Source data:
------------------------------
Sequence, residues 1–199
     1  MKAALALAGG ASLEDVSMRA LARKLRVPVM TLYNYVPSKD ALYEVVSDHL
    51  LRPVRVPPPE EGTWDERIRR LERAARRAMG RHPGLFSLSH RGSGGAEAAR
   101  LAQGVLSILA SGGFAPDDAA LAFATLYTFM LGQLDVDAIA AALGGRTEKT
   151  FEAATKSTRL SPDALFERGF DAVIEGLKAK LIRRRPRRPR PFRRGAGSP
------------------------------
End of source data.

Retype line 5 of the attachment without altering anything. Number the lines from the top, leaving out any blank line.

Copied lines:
   151  FEAATKSTRL SPDALFERGF DAVIEGLKAK LIRRRPRRPR PFRRGAGSP